House of Labor Needs Repairs, Not Just New Roommates

AFL-CIO leaders basked in favorable media coverage of their 2013 convention, which welcomed hundreds of guests from worker centers and other groups, symbolized by these artist’s depictions. Who wouldn’t like to believe the new inclusiveness is a turning point for labor? But unfortunately missing from the festivities were strategies for defending and re-energizing labor’s existing members. Photo: Slobodan Dimitrov.

As AFL-CIO leaders packed up to leave their Los Angeles convention last Wednesday, they basked in the glow of favorable media coverage. Cribbing from Labor Notes’ own 30-year-old slogan, a union president told the New York Times that the federation had finally “put some movement back in the labor movement.”

Writers Guild of America-East President Michael Winship claimed he had just witnessed the “the most radical restructuring of labor since the AFL and CIO merged nearly sixty years ago.” Washington Post columnist Harold Meyerson agreed that the AFL-CIO had made a “strategic shift.”

Feedback was also quite positive from the hundreds of invited guests from worker centers, labor support coalitions, public policy groups, student, feminist, and community organizations, and “social change” foundations—present in larger numbers than ever before.

These enthusiastic “solidarity partners”—from constituencies younger and more diverse than the delegate body—got to make “action session” presentations, hold press conferences and side rallies, and network with unions and foundation funders. Sometimes, rank-and-filers from “alt-labor” groups like worker centers even got airtime on the main stage, for moving celebrations of their difficult organizing work among fellow immigrants.

Who wouldn’t like to believe that a more exciting convention format prefigures a turning point for labor? Unfortunately, greater inclusiveness, closer ties with non-labor allies, and the adoption of pleasingly progressive resolutions only begin to address the real organizing challenges facing labor, whether “alt” or traditional.

Missing from the festivities were strategies for defending and re-energizing labor’s existing members.

Given the extreme attacks both union and non-union workers are suffering, the convention’s heavy emphasis on conventional political strategies and growth through diluted forms of membership was not “transformative” enough to meet the challenges of the day.

Post-Convention Rebuff on Obamacare

AFL-CIO President Rich Trumka had hoped to avoid an embarrassing convention outbreak of public criticism of Obamacare. But irate labor leaders, mainly from unions with multi-employer (Taft-Hartley) health plans, insisted on having their say.

Delegates passed a compromise resolution detailing the “fixes” needed in the Affordable Care Act. Without these changes, union-negotiated health coverage will be “regressed to the mean,” as one congressional staffer predicted in a meeting with D Taylor, president of UNITE-HERE.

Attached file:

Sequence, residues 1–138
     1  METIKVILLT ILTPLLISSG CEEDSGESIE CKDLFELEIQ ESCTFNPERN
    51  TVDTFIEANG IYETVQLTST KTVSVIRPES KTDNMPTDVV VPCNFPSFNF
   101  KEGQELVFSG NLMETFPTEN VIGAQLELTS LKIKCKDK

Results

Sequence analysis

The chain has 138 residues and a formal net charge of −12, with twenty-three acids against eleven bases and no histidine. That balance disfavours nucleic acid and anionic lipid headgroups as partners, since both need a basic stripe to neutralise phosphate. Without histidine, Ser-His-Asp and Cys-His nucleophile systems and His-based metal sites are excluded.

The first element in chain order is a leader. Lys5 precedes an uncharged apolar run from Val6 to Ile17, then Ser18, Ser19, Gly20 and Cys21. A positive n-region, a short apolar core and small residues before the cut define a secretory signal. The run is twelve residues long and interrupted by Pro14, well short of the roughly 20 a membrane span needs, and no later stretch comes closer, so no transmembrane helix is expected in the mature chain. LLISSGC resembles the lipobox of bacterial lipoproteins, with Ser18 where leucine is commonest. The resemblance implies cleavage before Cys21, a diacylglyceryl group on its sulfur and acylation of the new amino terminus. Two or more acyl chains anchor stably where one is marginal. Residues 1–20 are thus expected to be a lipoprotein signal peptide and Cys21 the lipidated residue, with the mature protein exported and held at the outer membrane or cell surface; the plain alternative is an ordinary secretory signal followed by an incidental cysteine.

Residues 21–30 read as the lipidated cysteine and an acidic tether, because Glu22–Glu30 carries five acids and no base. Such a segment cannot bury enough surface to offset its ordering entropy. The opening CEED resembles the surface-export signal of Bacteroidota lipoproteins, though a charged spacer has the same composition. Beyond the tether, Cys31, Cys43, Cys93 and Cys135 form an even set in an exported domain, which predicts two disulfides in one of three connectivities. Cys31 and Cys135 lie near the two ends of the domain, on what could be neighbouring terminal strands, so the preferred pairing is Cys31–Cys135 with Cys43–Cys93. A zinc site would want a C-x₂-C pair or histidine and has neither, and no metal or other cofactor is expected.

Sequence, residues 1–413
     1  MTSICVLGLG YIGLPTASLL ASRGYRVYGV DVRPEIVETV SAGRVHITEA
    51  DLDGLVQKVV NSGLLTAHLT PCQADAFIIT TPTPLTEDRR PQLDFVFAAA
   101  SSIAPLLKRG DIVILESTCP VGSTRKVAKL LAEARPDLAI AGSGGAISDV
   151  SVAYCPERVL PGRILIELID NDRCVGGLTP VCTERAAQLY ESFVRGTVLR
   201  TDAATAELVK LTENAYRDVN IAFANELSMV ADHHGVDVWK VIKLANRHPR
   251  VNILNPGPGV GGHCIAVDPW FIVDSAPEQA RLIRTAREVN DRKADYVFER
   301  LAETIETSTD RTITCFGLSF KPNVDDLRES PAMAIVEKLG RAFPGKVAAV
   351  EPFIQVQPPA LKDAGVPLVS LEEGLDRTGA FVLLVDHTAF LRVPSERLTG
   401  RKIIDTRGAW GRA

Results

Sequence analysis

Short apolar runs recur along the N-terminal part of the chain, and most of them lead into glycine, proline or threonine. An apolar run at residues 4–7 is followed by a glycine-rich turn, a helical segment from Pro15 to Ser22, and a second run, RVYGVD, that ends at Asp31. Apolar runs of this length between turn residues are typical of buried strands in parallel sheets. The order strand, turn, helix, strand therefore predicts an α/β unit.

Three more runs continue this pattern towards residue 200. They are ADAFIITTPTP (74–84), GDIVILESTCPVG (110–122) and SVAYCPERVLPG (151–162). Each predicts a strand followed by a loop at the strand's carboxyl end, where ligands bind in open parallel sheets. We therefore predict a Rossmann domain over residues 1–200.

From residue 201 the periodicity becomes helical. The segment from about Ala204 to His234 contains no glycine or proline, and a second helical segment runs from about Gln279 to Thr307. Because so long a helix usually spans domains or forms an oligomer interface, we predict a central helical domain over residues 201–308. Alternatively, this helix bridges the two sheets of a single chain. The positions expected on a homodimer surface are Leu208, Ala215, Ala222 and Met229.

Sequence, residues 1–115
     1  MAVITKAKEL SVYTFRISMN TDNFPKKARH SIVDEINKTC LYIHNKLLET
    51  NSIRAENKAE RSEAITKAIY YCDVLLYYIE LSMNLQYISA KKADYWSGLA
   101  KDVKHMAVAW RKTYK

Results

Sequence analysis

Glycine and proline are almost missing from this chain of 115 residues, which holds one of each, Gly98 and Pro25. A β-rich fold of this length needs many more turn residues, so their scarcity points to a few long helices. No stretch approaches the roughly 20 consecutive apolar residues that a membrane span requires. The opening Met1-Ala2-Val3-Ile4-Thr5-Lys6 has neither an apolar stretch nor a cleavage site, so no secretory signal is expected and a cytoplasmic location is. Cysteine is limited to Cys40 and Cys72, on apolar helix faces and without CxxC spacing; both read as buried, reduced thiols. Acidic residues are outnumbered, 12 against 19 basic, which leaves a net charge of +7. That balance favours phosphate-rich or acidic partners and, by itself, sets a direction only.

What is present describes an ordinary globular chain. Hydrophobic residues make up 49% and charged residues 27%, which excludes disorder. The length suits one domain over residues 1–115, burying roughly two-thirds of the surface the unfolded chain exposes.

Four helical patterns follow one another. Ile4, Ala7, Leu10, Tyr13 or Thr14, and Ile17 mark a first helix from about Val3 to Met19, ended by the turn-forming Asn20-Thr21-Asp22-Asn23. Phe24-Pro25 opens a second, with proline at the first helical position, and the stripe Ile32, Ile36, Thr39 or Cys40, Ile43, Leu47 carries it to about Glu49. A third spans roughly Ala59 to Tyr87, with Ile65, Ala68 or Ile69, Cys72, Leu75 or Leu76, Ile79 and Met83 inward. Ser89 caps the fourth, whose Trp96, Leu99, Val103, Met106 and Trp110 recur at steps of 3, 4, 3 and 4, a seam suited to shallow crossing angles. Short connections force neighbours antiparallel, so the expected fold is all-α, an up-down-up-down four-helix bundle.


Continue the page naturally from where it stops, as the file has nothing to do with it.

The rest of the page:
Two days later at the White House, though, Trumka, Taylor, and other labor officials received an embarrassing post-convention rebuff. The administration still intends to deny union members in multi-employer plans the access to income-based subsidies that will be offered to other lower-income workers through state insurance exchanges.

The same AFL-CIO media operation that was going full-blast for five days in Los Angeles—and for six months before that—suddenly fell silent on Friday. The AFL-CIO had “no comment” on the White House dismissal of labor’s concerns.


The proceedings did have a progressive buzz and grassroots sheen not seen since “New Voice” candidate John Sweeney won the federation’s first contested presidential election in a century, in 1995. Sweeney’s team, which included now AFL-CIO President Rich Trumka, pledged to promote new organizing and political initiatives, community-labor alliances, and anti-globalization efforts, while expanding the role of women, immigrants, and people of color.

Yet, as former AFL headquarters insider Bill Fletcher reported in his book, Solidarity Divided, these reform efforts ran out of steam as early as 1998. For the next decade or more, AFL-CIO restructuring was more rhetorical than real.

Last week, with two younger-generation staffers (both in their 40s) on Trumka’s new leadership team, the convention re-adopted New Voice ideas from 20 years ago. Delegates again embraced the need for community-labor coalitions, greater independence in politics, and, of course, more members—preferably in the millions.

It was taken as given that these additional working Americans can’t be recruited into traditional bargaining units. The new thinking is that labor can boost its membership stats—and political clout—through closer structural ties to the Sierra Club, NAACP, National Council of La Raza, or MomsRising. This would enable the house of labor to count as members people on those groups’ mailing lists, too.

The other method is to count as new members anyone ever solicited on their doorstep by a canvasser from the AFL-CIO’s own, soon-to-be-expanded alt-labor vehicle, Working America.

This outfit, set up originally for political action purposes, now claims 3.2 million “members.” Almost none pay dues or have any workplace connection to each other. The federation spends more than $10 million a year on Working America, which is also subsidized by national and local union donations.